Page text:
Kyra hadn’t made any attempt to get in contact with me again. I didn’t think she was going to. I wasn’t sure I could blame her.
All around, it felt like things were falling apart.
So I sat, and I watched, and I brooded. Days passed in a blur, enlivened only by the constant tension of not knowing whether the plan would work at all.
And then, finally, after a hundred and thirty hours of that hellish stakeout, the quarry appeared.
At first I didn’t think it was anything particularly special. Jeremy had been meeting with all sorts of people over the past few days, in all sorts of places. Someone stepping out of the shadows of a small rented room where he’d just finished meeting with one person and was now eating lunch before heading to the next appointment was an unusual way for such a meeting to start, but not as much so as I would have guessed.
The first indication I had that things were different this time was when I realized that I could smell the new arrival. Aiko and I were close to a hundred feet away and two stories down, watching through a concealed camera, and I could still smell his magic. The base was human disinfectant, but there was another tone to it, something strange and unpleasant and wholly unfamiliar. I couldn’t even put a description to it, beyond to say that it smelled wrong.
“Hello,” he said, with a smooth, practiced smile. “I think we have some business to discuss.”
“It’s possible,” Jeremy said. The mage sounded tired, even through the camera. It had been a long few days for him, too. “You are?”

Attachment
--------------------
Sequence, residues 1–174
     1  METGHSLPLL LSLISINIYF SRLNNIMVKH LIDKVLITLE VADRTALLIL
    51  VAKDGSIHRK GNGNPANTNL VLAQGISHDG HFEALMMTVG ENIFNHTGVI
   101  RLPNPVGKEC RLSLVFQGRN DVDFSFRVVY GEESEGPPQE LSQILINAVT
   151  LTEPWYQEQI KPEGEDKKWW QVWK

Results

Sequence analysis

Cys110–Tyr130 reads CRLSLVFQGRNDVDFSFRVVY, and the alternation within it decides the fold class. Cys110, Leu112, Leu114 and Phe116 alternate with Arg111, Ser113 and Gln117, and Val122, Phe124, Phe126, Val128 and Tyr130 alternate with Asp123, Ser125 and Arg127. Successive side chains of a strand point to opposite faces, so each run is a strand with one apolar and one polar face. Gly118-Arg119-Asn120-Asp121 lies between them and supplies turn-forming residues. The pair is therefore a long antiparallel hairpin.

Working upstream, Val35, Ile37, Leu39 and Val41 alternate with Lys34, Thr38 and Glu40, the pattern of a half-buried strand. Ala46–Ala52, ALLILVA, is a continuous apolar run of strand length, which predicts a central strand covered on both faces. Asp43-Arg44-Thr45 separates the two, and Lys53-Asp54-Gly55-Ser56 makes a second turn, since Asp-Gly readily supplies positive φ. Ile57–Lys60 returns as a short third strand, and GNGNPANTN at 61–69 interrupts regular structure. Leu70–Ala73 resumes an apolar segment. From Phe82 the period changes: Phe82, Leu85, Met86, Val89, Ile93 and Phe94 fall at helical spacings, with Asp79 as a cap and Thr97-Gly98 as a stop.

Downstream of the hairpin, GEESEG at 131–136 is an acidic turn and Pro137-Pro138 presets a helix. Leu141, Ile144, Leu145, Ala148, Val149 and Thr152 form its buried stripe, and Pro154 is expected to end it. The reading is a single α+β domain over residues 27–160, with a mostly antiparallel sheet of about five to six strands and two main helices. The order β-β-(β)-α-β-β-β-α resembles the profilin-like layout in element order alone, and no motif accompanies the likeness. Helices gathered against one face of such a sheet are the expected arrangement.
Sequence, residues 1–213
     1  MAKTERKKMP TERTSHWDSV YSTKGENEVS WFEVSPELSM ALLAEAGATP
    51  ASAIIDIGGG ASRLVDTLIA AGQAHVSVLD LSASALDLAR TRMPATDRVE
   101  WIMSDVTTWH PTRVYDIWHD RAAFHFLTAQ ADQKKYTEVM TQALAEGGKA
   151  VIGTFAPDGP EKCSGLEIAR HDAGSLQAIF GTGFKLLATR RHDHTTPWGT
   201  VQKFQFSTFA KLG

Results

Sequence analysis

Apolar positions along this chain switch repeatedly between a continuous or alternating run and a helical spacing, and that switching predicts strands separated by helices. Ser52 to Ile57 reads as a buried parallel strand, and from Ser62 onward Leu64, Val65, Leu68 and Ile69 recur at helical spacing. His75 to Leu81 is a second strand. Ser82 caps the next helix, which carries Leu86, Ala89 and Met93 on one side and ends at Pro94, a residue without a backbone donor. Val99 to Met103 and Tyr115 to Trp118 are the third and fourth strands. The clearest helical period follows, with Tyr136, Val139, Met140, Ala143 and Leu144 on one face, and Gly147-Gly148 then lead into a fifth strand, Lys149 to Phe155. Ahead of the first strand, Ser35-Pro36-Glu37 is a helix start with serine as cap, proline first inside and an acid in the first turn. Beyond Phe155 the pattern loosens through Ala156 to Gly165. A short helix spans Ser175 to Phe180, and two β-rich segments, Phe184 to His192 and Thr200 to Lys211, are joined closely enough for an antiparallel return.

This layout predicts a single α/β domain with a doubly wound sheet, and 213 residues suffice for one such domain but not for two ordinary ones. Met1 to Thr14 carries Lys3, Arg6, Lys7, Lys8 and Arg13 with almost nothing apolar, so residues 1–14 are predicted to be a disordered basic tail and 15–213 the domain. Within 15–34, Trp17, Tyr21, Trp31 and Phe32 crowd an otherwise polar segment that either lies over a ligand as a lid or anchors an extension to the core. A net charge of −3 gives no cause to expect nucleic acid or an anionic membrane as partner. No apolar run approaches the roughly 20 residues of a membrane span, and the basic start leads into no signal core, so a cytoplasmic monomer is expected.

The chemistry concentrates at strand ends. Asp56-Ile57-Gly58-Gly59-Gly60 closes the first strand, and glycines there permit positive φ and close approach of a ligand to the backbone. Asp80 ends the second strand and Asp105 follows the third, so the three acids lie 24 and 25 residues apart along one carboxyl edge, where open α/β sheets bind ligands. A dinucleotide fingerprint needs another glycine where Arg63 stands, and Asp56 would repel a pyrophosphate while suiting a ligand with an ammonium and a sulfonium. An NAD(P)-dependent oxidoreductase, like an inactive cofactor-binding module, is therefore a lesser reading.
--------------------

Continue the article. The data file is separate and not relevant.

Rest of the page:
“Call me Hunter,” the new arrival said.
I stared for a second, mostly just because…I was actually looking at the man who’d caused me so much grief.
He looked…normal. That was the first thing I saw, and the most surprising one. Blaise had said he was born in China, but appearance meant little to people on that level, and he’d chosen a different look for this job. He was pale, with dark hair and eyes and features best described as forgettable. The suit made more of an impression than the person wearing it; it looked like it probably cost more than most cars, and I thought that was probably accurate.
It only took a moment to notice something else, though, that wasn’t normal at all. He carried himself with a sort of confidence, a presence. He walked like he expected the world to get out of his way. It was hard to define, but I’d seen that kind of presence a few times before. Conn had it, and Lucius, and a very few other people who were similarly terrifying.
Combined with the scent of his magic, that was enough to settle any doubts I’d had. This was the guy.
In the same instant as reaching that conclusion, I reached for the weapon I’d bought from Alexander.
It, too, didn’t look like much. In a fit of whimsy, he’d made it a black box with a big red button, which was helpfully covered by a heavy plastic cover to prevent unfortunate accidents. It looked like a comedic prop more than a serious weapon. But Alexander had assured me that the stored spells it was linked to were enough to kill damn near anything.
In theory, the other linked device that Jeremy was carrying in addition to the magical explosives would protect him from the blast. Alexander had been very confident of that as well, and I’d never known the old man to be wrong about that sort of thing. But we were working with some very powerful and very unpredictable interactions, here, and it was impossible to be totally sure what would happen there.